Yesterday I was talking to a friend who is just starting to use social media to promote his new business. In the conversation, I mentioned that he should have a professional head shot taken to use as an avatar to help build his online brand. I wanted to give him the contact information for two local photographers I recommend. While I was talking on the phone, I told him I was going to look it up, and proceeded to multitask online. I thought I could quickly and easily find the information and read it off to him.
It turns out, one of the photographers had set up his online presence so it was very easy for me to find and share his information, even while multitasking. The other photographer had a more traditional setup, and it was impossible for me to find what I was looking for while I was talking on the phone.
Social Media Passport
What made the difference? One has a nicely designed and located social media passport easily available on his website. The other has both a contact page that contains only an input form, and a blog with some of the information. I later found the information I needed, but I had to check three places and collect information from two of them.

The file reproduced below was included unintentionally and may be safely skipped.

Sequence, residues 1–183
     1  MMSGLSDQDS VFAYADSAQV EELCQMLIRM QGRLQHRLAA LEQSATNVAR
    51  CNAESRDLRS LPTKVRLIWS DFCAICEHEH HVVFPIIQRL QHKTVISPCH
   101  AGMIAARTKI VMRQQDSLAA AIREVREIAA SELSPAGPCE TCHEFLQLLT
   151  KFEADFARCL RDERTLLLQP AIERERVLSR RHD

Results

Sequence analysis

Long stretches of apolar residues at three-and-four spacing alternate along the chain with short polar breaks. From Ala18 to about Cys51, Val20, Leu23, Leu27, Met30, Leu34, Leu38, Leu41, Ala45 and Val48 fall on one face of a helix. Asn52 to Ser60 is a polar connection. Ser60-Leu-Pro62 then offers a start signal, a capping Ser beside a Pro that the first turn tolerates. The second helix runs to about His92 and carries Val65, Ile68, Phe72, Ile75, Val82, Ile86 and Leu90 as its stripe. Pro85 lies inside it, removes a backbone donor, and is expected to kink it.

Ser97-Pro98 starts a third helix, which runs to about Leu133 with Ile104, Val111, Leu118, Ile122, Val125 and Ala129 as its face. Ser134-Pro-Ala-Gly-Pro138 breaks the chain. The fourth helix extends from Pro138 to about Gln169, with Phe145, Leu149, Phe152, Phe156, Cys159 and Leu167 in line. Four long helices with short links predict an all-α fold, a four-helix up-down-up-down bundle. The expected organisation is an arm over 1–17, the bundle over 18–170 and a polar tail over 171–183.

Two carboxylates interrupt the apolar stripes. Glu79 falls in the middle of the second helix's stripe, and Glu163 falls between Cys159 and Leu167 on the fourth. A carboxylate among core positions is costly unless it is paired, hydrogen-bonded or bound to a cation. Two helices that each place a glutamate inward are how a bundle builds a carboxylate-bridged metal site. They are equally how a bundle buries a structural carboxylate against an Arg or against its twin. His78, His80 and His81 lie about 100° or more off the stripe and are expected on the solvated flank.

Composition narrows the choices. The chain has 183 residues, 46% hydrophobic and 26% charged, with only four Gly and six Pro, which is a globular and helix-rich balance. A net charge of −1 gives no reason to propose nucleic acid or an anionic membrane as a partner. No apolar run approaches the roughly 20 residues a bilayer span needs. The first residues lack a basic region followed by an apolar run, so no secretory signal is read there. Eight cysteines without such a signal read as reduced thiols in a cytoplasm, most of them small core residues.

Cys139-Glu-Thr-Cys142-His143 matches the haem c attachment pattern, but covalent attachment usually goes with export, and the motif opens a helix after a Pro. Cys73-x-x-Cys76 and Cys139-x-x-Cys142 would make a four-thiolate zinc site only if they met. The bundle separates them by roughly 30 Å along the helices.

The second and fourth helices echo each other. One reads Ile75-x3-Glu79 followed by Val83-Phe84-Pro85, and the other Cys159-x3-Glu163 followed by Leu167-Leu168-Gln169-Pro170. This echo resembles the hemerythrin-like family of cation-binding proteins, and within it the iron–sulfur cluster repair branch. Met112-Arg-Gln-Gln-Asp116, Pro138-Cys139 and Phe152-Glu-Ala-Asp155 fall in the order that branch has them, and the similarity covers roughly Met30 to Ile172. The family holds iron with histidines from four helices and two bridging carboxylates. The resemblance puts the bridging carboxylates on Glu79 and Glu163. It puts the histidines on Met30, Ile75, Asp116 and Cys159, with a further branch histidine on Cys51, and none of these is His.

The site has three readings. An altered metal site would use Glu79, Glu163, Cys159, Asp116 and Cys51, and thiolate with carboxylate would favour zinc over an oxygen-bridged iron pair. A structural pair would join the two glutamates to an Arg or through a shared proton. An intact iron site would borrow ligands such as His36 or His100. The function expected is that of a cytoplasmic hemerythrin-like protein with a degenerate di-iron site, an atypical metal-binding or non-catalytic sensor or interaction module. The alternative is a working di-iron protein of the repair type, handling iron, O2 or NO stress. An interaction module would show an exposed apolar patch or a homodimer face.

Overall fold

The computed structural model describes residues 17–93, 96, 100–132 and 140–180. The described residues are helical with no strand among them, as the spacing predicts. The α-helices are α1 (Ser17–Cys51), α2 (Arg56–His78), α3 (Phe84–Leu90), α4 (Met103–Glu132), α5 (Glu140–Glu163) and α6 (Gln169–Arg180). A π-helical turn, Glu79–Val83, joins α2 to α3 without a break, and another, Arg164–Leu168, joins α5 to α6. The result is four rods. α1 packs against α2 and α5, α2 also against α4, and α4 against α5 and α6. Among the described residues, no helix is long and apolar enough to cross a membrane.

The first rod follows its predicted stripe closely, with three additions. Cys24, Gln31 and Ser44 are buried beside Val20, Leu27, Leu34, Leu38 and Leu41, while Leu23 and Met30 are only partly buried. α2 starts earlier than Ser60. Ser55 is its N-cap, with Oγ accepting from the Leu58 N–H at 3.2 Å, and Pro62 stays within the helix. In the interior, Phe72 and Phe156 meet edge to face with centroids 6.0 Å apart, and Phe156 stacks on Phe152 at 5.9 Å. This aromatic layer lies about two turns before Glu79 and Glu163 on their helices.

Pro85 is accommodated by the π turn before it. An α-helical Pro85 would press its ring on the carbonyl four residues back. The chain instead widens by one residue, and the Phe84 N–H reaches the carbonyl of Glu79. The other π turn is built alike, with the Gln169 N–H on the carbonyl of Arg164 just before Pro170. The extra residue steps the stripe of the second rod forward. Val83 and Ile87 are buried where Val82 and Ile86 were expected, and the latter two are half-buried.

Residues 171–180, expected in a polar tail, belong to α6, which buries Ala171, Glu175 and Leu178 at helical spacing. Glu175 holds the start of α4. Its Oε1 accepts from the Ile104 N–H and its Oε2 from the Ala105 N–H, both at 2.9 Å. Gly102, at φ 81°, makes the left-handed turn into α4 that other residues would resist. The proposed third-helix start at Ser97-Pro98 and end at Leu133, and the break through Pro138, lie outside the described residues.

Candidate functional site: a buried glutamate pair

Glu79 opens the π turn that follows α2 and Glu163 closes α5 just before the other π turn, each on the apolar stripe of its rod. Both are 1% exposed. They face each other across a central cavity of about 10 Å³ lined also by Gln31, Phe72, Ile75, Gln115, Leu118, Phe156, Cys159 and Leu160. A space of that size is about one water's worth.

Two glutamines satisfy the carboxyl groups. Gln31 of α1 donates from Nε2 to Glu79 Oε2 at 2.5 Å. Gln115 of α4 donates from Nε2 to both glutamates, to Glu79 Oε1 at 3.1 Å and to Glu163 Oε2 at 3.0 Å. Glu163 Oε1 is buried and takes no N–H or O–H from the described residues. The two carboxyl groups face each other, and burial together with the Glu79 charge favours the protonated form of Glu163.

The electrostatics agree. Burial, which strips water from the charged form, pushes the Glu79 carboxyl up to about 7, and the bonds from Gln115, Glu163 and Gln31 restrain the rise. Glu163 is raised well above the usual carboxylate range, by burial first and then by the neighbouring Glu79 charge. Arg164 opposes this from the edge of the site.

This exercise pointed out to me the importance of having an effective social media passport. I am a friend who was highly motivated to find the online presence information. What if I was a potential customer who gave up after the first two attempts failed to show me what I needed?
Here’s what I recommend:
- Have one list that clearly shows all of your online presence.
- Provide hyperlinks to your pages, don’t just list “I’m on Facebook as Joe Smith.”
- Organize your accounts by social media category if you have many accounts. You can make up the categories. The idea is to clump like with like. Don’t list a blog, then Twitter, then a different blog.
- If you have separate accounts for personal and business, mark them clearly and explain the difference. People want to connect with a person, so explain that your personal blog is where you talk about your weekend plans and family activities, for example. That’s the information I need to decide which account I want to access.
- Link to this passport from every online account.
- Put the link to your social media passport where I can easily find it without scrolling.
- Make sure that you check your passport regularly so it is current and complete.
- Try not to duplicate part of the information in other places. This increases the chance that you will fail to update a link as you have changes.
If my photographer friend had done this, I would have been able to recommend his work easier. I’m sure he would appreciate that.
You are using social media to make it easier for people to find you. Don’t make them resort to yet another Google search after they have already found you one place.
PS – I’m going out tomorrow to make sure that my own social media passport meets these recommendations.